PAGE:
PUPILS at a North Somerset school extensively damaged in a devastating fire over half term are back at school today (Tuesday, June 6).

But the children from four classes at the Yatton Schools infant school will be in unfamiliar classrooms as they are being taught at two other schools for the rest of the summer term.

They are having lessons at St Andrew’s School, in Congresbury, and Chestnut Park School, in Yatton, for the next six weeks.

Structural engineers and insurers have assessed the rest of Yatton school site to ensure it is safe and demolition has already begun on the areas most seriously damaged in the blaze.

Jo Keeble, headteacher of Yatton Schools, has made arrangements to ensure the children feel settled and connected following the disruption.

Those who are using classrooms at other schools will still arrive and depart from Yatton every day so that “children can have time together on our site as well for their friendships, feelings of safety at Yatton and their mental health and wellbeing" said Miss Keeble.

She added: "We will be working with parents to help manage the children’s emotions around what has happened and help them understanding that whilst what has happened is very sad this will be a fun and exciting new challenge for the whole school”.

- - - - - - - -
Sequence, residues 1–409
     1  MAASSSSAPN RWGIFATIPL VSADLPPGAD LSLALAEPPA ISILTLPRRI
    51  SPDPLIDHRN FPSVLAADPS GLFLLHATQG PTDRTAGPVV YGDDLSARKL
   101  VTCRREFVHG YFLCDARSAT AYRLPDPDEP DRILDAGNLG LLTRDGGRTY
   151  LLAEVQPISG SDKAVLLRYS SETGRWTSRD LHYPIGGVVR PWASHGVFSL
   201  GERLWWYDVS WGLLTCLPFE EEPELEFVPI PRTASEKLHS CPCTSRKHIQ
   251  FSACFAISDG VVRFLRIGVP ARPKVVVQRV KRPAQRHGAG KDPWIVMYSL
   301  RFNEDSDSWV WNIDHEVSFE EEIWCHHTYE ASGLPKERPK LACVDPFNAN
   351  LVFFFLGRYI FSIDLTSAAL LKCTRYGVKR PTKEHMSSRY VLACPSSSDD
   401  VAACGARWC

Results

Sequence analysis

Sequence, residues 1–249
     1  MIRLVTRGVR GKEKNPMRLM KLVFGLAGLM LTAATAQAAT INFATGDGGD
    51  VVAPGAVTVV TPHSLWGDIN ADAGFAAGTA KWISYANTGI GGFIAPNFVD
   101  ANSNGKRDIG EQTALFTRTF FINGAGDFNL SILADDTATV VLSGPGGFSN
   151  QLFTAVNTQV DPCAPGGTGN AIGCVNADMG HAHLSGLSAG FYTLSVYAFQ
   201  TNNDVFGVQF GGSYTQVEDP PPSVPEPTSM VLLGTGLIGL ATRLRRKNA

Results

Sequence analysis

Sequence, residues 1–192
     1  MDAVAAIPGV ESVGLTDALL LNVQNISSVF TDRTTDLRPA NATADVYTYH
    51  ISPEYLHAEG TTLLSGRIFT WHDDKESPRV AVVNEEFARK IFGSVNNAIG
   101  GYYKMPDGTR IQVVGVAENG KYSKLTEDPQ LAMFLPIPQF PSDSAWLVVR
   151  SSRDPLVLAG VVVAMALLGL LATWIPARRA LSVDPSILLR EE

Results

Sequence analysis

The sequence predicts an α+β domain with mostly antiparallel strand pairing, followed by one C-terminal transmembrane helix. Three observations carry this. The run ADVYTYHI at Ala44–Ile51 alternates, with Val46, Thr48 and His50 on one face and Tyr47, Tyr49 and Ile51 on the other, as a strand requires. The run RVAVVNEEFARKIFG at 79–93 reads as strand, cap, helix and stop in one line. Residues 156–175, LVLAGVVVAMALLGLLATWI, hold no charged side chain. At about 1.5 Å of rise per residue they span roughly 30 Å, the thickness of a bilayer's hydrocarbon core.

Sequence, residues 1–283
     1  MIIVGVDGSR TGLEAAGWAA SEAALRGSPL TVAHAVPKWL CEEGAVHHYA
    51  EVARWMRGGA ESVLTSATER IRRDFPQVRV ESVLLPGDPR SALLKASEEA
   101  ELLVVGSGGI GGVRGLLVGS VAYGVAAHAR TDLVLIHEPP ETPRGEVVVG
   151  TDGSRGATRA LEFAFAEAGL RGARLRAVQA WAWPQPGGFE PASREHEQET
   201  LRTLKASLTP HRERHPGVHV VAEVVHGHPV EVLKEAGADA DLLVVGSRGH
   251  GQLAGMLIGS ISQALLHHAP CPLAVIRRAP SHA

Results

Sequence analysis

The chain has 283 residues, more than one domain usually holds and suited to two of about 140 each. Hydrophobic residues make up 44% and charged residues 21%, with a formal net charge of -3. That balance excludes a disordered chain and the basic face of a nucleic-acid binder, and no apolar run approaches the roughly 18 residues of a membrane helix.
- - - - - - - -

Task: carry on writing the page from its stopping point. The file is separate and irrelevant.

Pupils in the Junior School building (Years 3 to 6) are unaffected and will be educated in their usual classrooms.

READ MORE: Yatton school partially burnt down in fire.

Temporary classrooms will be put in place over the summer holidays so that all year groups can be taught onsite from the new school year starting in September 2023.

The rebuild of the infant school is currently being planned and is expected to take at least a year.

Gary Lewis, Chief Executive of the Lighthouse Schools Partnership, of which the school is a member, has praised all of those involved.

He said: “Over the past week the school and rust have been inundated with offers of help and support from the local community and the generosity from both Chestnut Park and St Andrew’s means that we can continue with the education of the children despite these tragic circumstances.

"Thank you to all who have pulled together to help - staff, governors, contractors and local businesses - to ensure this happens.

"It is a long road ahead but knowing the support is there means a lot to Miss Keeble and her staff.”